Mouth guards are designed to absorb some of the impact from blows to the jaw and teeth and it is recommended that they be worn when wrestling. Standard mouth guards are available in most sporting stores, but they tend to be bulky and do no provide good protection due to their inability to mold to individual teeth configurations. A moldable plastic mouth guard is also often available in sporting stores and is an alternative to the standard mouth guard. These types of guards are made from a soft moldable plastic that can be melted in hot water and then placed in the mouth so that they mold to the shape of the teeth. These guards can still feel bulky and therefore may interfere with breathing, however, they would be recommended above the standard guard. If you are an avid wrestler, it would be worthy to get a custom fitted mouth guard to provide maximum protection. These guards are made by a dental professional and molded from a special shock absorbing material. Custom mouth guards mold exactly to the fit of the individual player’s mouth anatomy and therefore provide maximum protection.
Footwear selection is crucial for all wrestlers in order to maximize grip on the mat, mobility of the foot, and to prevent injury. Wrestling shoes have developed broadly over the years and those commonly used today are of a high-top laced variety with a flexible rubber sole. They are meant to have a very snug fit for maximum mobility but will stretch with use so it is advised to choose a small fit when purchasing. Regulations often require the laces to be covered to avoid the accidental snagging of fingers, so it would be advisable to buy a shoe that is designed with this lace cover, however, tape over the laces can serve the same purpose if cost becomes an issue. In regards to the sole, there are either split soles or unisoles. Split soles are designed with separate pieces of rubber under the heel and ball of the foot whereas unisoles are comprised of one single piece of rubber for the entire sole. Split soles claim to improve quickness and allow greater flexibility of the foot whereas unisoles are said to provide improved traction. From an injury perspective, neither shoe is better or worse than the other so comfort becomes the deciding factor. The high top design of a wrestling shoe provides protection to the ankle joint when well fitted, so again, ensure the shoe fits well in both the forefoot but also around the ankle. In addition, in order to gain maxiimum protection out fo the high top design, ensure that when you are tying up the shoe, the laces are pulled and tied firmly.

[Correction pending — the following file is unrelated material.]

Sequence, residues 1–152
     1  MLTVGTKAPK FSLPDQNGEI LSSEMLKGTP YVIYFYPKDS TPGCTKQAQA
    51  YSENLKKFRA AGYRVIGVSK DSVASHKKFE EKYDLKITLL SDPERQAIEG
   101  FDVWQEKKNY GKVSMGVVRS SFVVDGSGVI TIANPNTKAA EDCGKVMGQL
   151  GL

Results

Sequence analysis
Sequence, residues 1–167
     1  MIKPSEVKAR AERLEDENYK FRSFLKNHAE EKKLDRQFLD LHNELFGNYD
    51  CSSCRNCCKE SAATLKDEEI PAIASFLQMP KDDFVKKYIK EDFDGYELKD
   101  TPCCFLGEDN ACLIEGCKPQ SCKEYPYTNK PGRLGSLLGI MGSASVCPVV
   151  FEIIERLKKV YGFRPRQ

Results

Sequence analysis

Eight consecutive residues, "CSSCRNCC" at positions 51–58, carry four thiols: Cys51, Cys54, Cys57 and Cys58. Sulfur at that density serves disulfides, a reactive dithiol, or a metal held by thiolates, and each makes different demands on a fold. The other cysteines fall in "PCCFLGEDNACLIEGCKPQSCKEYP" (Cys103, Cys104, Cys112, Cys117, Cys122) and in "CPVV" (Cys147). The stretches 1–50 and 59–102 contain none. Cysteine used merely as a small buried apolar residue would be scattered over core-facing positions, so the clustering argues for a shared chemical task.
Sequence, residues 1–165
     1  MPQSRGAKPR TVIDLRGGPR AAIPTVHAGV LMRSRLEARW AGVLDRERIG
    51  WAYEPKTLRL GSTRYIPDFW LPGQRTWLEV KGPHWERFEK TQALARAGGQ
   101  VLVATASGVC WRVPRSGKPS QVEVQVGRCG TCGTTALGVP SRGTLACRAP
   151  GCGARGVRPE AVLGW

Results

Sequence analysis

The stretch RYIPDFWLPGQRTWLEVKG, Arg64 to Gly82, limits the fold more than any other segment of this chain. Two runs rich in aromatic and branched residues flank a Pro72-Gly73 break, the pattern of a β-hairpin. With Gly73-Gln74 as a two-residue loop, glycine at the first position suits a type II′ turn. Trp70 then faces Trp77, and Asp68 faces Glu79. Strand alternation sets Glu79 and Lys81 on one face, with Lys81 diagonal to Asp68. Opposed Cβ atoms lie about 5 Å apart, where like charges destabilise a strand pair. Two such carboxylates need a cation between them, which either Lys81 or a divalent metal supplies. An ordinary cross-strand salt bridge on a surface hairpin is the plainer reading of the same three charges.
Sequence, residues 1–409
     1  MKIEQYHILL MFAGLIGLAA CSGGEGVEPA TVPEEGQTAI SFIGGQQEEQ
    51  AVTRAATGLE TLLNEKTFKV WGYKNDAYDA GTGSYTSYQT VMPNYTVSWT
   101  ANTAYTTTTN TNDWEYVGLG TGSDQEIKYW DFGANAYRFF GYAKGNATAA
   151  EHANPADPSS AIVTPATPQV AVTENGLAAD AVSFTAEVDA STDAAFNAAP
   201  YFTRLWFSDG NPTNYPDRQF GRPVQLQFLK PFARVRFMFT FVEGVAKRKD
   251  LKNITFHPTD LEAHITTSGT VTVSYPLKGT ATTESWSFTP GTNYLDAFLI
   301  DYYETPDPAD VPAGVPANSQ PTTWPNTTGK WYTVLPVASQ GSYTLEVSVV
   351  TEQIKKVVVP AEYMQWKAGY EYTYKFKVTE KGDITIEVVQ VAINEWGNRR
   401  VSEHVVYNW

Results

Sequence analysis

Keeping hydrated will help you stay alert while wrestling. It may also help to prevent muscle cramps and will help your post match recovery. Taking your own drink bottles to training or a match helps you to keep track of your fluid intake. We recommend that you drink about 300-400 mL before you play (ref: http://www.ausport.gov.au/sportscoachmag/nutrition2/pre-event_nutrition), and 250mL (1 cup) of water or sports drink every 20 minutes of physical playing/training time and for one hour after your match. These are just general guidelines as fluid requirements will vary depending on the environmental conditions and your body size. Remember, the more fluid you lose through sweat, the more you will have to replace. Also, remember that by the time you feel thirsty, your body is already dehydrated, so drink frequently and don’t let thirst alone determine your fluid intake. In order to check that you are adequately hydrating, you can watch your weight before and after your match which is a common objective measure for wrestlers anyways. If your weight remains the same then you are likely to be well hydrated. Dehydrating prior to a wrestling match weigh-in to lose weight is not a recommended activity as it dehydrates your entire system and affects the body’s ability to function, which is not optimal for peak athletic performance.